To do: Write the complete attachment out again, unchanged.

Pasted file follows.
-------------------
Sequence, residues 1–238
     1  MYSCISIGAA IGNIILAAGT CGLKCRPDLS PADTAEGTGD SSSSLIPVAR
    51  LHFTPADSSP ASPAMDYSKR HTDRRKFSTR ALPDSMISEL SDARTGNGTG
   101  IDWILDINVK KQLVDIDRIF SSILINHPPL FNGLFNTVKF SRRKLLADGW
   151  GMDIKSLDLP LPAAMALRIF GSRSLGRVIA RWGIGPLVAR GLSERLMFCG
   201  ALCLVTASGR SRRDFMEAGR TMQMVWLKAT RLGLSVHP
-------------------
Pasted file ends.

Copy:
Sequence, residues 1–238
     1  MYSCISIGAA IGNIILAAGT CGLKCRPDLS PADTAEGTGD SSSSLIPVAR
    51  LHFTPADSSP ASPAMDYSKR HTDRRKFSTR ALPDSMISEL SDARTGNGTG
   101  IDWILDINVK KQLVDIDRIF SSILINHPPL FNGLFNTVKF SRRKLLADGW
   151  GMDIKSLDLP LPAAMALRIF GSRSLGRVIA RWGIGPLVAR GLSERLMFCG
   201  ALCLVTASGR SRRDFMEAGR TMQMVWLKAT RLGLSVHP